11 September 2015

Upgrade from 11.2 to 12.1 with just 24 seconds downtime

Rolling upgrade with Transient Logical Standby is known as a MAA (Maximum Availability Architecture) technique, to minimize downtime during upgrade of Oracle database. 

The white paper: Database Rolling Upgrade Using Transient Logical Standby: Oracle Data Guard 11g has been available for quite some time. But the steps involved in testing this technique require a lot of skills, patience hardware and experience, aka blood sweat and tears.

  • Important limitations are, that you need to be able to install the old and the new Oracle software on both nodes. For instance, you can install Oracle 10.2 on Oracle Linux 6.4, but that is not supported (follow OraToolkit if you need to do this). So search for a platform that supports both versions.
  • You might have unsupported data types, read the white paper (above) to check this.
  • You cannot use Dataguard Broker during this setup.

Last week I finally got this working on Virtualbox on my laptop. I give several hints how.

Create two nodes in Virtualbox
Create two Oracle Linux 6.4 hosts ‘london’ and ‘paris’. Make sure they can ssh and talk to each other. Provide ssh keys so that copying is easy.
Setup Oracle and Oracle on both nodes.
Setup a listener and demo database on ‘london’.

Setup standby

Test the physical standby, make sure that logs are applied (which may take a few minutes to start I experienced). You might want to use blog: http://sys-admin.wikidot.com/check-dataguard

Make sure you have a large db_recovery_file_dest_size on both instances. The restore point will require this space during database upgrade.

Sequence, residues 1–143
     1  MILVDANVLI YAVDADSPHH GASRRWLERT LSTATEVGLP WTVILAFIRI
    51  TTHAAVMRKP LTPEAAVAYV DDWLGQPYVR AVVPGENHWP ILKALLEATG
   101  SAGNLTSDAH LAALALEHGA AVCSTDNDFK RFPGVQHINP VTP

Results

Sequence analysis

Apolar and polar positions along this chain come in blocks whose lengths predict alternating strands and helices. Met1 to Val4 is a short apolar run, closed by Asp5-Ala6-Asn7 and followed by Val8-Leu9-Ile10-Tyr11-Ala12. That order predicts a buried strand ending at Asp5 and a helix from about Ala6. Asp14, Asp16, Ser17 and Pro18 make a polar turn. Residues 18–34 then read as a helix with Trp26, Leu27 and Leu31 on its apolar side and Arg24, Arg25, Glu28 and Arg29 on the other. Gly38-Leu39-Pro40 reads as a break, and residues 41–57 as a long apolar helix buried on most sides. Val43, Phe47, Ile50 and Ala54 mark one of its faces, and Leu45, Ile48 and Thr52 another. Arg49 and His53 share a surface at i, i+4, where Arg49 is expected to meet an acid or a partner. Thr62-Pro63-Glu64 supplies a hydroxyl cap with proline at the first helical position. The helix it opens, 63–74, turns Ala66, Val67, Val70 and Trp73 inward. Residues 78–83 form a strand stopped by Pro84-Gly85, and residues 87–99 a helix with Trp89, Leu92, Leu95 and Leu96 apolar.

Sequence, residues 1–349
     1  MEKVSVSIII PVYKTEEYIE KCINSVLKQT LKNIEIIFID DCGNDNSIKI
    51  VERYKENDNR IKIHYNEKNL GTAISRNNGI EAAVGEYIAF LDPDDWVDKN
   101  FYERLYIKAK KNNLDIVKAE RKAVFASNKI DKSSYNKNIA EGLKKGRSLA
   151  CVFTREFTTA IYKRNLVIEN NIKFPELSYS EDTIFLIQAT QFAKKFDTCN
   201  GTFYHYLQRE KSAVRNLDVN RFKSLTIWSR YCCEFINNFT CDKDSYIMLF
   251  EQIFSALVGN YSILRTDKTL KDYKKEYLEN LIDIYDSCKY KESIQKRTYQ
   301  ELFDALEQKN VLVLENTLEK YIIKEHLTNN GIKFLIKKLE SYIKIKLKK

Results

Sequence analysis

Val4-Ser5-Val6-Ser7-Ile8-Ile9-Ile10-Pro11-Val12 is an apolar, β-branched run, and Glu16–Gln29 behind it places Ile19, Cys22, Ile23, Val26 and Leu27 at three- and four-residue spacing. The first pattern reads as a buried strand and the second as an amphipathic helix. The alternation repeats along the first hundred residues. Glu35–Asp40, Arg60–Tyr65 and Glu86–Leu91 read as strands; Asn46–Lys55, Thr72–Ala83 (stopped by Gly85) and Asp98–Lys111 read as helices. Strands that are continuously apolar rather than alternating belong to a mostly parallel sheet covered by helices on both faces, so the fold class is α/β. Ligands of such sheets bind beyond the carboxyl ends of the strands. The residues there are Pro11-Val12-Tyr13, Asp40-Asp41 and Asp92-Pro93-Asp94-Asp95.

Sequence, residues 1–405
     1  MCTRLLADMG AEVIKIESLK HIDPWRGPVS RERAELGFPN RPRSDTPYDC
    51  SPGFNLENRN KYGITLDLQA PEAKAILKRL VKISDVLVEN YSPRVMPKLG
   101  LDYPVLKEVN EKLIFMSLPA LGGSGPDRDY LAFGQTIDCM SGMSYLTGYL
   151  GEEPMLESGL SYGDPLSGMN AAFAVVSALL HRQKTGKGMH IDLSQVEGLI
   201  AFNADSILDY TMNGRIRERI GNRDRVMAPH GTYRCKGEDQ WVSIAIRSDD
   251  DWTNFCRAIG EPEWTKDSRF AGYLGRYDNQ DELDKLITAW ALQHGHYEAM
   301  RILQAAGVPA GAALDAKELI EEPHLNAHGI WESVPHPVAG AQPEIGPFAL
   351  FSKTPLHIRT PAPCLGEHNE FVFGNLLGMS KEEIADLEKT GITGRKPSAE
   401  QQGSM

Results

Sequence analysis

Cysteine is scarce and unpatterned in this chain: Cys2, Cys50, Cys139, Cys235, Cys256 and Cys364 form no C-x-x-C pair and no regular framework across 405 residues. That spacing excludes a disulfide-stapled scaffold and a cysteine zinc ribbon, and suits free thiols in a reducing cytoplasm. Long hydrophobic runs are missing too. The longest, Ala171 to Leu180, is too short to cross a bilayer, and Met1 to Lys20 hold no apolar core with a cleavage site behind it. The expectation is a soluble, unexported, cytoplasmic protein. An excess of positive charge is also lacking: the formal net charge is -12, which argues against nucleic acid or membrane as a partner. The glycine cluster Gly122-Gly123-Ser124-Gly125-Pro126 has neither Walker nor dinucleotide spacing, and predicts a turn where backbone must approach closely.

Test the switchover (and back), you might want to use blog: http://www.oracledistilled.com/oracle-database/data-guard-switchover-to-a-physical-standby for this.

Run the preupgrd.sql from $ORACLE12/rdbms/admin  and resolve problems if any.

Use the physru.sh script
Via the note Oracle11g Data Guard: Database Rolling Upgrade Shell Script (Doc ID 949322.1) you can download the physru.sh script. How this is used in a practical manner, is explained in a blog Minimal downtime rolling database upgrade to 12c Release 1 by Gavin Soorma. Follow this note and you will execute the physru.sh three times (from the ‘london’ Primary host). Gavin explains (in detail) how this works (copied the following text from his blog):

First execution
  • Create control file backups for both the primary and the target physical standby database
  • Creates Guaranteed Restore Points (GRP) on both the primary database and the physical standby database that can be used to flashback to beginning of the process or any other  intermediate steps along the way.
  • Converts a physical standby into a transient logical standby database.

Second execution
  • Use SQL apply to synchronize the transient logical standby database and make it current with the primary
  • Performs a switchover to the upgraded 12c transient logical standby and  the standby database becomes the primary
  • Performs a flashback on the original primary database to the initial Guaranteed Restore Point  and converts the original primary into a physical standby

Third execution
  • Starts Redo Apply on the new physical standby database (the original primary database) to apply all redo that has been generated during the rolling upgrade process, including any SQL statements that have been executed on the transient logical standby as part of the upgrade.
  • When synchronized, the script offers the option of performing a final switchover to return the databases to their original roles of primary and standby, but now on the new 12c database software version.
  • Removes all Guaranteed Restore Points

The results are displayed after the Third execution of physru.sh. As you can see, the whole process took a lot of time (about 6 hours) mainly because my laptop was running out of space. In the end, the steps were succesfully completed, with a service downtime of just 24 seconds.

Second attempt
A few days later, I retried the technique. Upgrade went much smoother, and also switched back at the end. This will give you additional downtime (switchover), in the screenshot below, seen as 19 seconds. Total procedure of upgrade took just over 1 hour, which might be useful for those situations that require maximum availability.

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